2 edition of Delineation of landslide, flash flood, and debris flow hazards in Utah found in the catalog.
Delineation of landslide, flash flood, and debris flow hazards in Utah
Specialty Conference on Delineation of Landslide, Flash Flood and Debris Flow Hazards in Utah (1984 Utah State University)
|Statement||edited by David S. Bowles.|
|Series||General series (Utah Water Research Laboratory) -- 85/03|
|Contributions||Bowles, David S., Utah Water Research Laboratory.|
|The Physical Object|
|Pagination||, 592 p. :|
|Number of Pages||592|
In D. S. Bowles Ed., Delineation of landslide, flash flood, and debris flow hazards in Utah UWRL/G/03 ed., pp. Logan, UT: Utah Water Research Laboratory at Utah State University. Google Scholar; Keaton, J. R. A probabilistic model for hazards related to sedimentation processes on alluvial fans in Davis County, : W HernandezMichael. citizens of Utah are at risk to a wide array of natural hazard events including weather-related events, floods, dam failures, snow avalanches, earthquakes, slope failures, landslides, wildfires, radon gas exposure, and drought. Utah’s Natural Hazards Throughout the last decade, Utah has experienced numerous hazard events. TheFile Size: 6MB.
Heavily sediment-laden flows have been described and classified as hyperconcentrated sediment flows, including mud floods, mudflows, and debris Cited by: The Utah Geological Survey documents and evaluates geologic hazards such as debris flows to protect citizens of Utah. If you wish to report a debris flow or other landslide, or want more information, please contact the Utah Geological Survey at: Utah Geological Survey, PO Box , Salt Lake City, UT , phone
Conference on Delineation of Landslide, Flash Flood and Debris Flow Hazards in Utah, Utah State University, Logan, Utah, June , , 21pp. Book Cliffs Coal Mining Region, Central Utah, USA. Warner, J.W., P.J. Phipps, M.K. McCarter and K.L. Pankow, Monitoring Post Collapse Seismicity – An Analysis of Crandall Canyon Events. "Physical properties and mechanics of hyperconcentrated sediment flows," in Delineation of landslide, flash flood and debris flow hazards in Utah, UWRL/G/03, Utah Water Research Laboratory, Utah State University, Schamber, D.R., and MacArthur, R.C. ().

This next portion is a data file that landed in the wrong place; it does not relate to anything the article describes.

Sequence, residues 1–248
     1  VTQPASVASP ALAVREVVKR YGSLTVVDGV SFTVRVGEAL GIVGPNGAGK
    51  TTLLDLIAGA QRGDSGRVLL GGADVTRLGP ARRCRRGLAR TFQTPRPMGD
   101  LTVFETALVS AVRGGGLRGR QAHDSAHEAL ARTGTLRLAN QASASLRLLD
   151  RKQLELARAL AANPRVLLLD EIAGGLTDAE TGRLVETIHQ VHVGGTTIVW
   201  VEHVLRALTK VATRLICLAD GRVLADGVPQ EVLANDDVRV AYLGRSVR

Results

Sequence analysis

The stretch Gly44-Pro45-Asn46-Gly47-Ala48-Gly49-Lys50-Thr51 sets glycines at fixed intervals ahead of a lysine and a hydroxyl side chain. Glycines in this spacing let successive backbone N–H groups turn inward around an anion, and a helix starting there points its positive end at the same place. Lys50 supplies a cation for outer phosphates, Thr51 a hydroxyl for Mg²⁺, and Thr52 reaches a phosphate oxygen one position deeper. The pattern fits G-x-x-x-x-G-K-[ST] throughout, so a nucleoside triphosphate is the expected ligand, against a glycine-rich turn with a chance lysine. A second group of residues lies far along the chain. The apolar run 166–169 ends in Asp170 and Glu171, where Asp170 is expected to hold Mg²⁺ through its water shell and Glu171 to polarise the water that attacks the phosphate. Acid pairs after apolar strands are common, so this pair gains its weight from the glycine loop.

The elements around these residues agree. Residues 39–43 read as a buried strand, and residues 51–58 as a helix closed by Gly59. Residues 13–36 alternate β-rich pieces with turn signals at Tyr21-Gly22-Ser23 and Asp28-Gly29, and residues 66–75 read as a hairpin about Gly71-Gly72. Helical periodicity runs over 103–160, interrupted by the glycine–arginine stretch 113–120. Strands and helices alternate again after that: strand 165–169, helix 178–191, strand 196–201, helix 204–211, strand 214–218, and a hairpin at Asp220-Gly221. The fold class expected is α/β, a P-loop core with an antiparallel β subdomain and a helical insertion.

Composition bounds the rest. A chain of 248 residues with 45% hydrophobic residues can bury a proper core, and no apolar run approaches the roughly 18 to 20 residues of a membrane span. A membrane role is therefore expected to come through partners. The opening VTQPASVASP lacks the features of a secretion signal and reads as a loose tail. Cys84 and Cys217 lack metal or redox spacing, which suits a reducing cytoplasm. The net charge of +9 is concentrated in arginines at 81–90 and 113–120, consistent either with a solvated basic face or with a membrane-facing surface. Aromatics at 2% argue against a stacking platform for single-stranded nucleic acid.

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Abstract. During, andabnormally wet conditions in Utah triggered flash floods, landslides, and debris flows. Pore pressures built in hillside soils below melting snows and during prolonged periods of rainfall until the mass suddenly gave way, sometimes as a landslide and other times as a non-Newtonian debris flow Cited by: Delineation of Landslide, Flash Flood, and Debris Flow Hazards in Utah [Utah Water Research Laboratory, David S.
Bowles] on *FREE* shipping on qualifying offers. Book has previous owner's name on the fore edge. Title page and one other have a few crayon markings. Good condition otherwise. Delineation of landslide, flash flood, and debris flow hazards in Utah: proceedings of a specialty conference held at Utah State University, Logan, Utah, June through flood-hazard areas.
The high flood hazard results from the complex interaction of the area s rugged topography and southwestern Utah s seasonal weather patterns. Three types of floods typically occur in the study area: (1) riverine (stream) floods, (2) flash floods/debris flows, and (3) sheetfloods.
In Proceedings, Specialty Conference on Delineation of Landslides, Flash Flood and Debris Flow Hazards in Utah. Utah Water Research Laboratory, Utah State Univ., Logan, Utah, pp. – Google ScholarCited by: 9. The Utah landslide, debris flows, and floods of May and Junein: Delineation of Landslide, Flash Flood, and Debris Flow Hazards in Utah, edited by: Bowles, D.
S., Utah Water Research. Debris flows in history. Authors; Authors and affiliations D.S. () Delineation of Landslide, Flash Flood, and Debris Flow Hazards in Utah: Specialty Conference ( pp.).
Utah State University, Logan. Google Scholar () The extent and economic significance of the debris flow and landslide problem in Kazakhstan. In: E.E. Brabb and Cited by: Geologic hazards that affect Utah include earthquakes, landslides, flooding, problem soils and rocks, and volcanic hazards.